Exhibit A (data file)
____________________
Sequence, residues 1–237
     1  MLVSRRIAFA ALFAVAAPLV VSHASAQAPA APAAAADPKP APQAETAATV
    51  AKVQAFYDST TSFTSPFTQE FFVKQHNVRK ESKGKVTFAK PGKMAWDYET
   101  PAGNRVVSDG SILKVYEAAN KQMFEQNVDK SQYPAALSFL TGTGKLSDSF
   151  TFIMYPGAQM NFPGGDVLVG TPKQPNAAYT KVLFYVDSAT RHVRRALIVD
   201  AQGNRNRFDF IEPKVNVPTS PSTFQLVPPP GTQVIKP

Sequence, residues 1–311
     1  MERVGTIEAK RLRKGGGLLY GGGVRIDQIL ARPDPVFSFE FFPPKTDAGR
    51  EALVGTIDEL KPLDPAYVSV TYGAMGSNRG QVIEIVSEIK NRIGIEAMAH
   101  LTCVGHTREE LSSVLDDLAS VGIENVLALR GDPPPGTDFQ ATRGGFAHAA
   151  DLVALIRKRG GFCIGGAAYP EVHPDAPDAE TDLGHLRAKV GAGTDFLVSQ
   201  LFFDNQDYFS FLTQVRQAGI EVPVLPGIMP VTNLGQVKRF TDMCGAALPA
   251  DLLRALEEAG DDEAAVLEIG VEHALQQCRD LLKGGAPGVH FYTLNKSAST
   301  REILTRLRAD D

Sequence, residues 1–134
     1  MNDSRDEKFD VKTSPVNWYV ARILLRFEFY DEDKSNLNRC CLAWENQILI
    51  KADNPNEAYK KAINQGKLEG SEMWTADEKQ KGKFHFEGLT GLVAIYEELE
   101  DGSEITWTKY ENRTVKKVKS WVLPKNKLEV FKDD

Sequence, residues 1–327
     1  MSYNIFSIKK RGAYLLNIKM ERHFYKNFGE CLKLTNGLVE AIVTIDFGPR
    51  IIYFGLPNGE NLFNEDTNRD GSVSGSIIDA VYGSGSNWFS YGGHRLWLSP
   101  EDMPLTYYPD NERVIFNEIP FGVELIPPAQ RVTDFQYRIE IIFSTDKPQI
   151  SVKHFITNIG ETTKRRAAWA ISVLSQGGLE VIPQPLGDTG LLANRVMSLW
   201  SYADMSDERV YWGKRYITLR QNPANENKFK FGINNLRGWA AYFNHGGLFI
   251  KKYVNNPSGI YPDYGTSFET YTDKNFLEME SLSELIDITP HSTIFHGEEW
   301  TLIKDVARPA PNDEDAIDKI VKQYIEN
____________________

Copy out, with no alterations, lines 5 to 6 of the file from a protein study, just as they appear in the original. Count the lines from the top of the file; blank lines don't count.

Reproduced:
   151  TFIMYPGAQM NFPGGDVLVG TPKQPNAAYT KVLFYVDSAT RHVRRALIVD
   201  AQGNRNRFDF IEPKVNVPTS PSTFQLVPPP GTQVIKP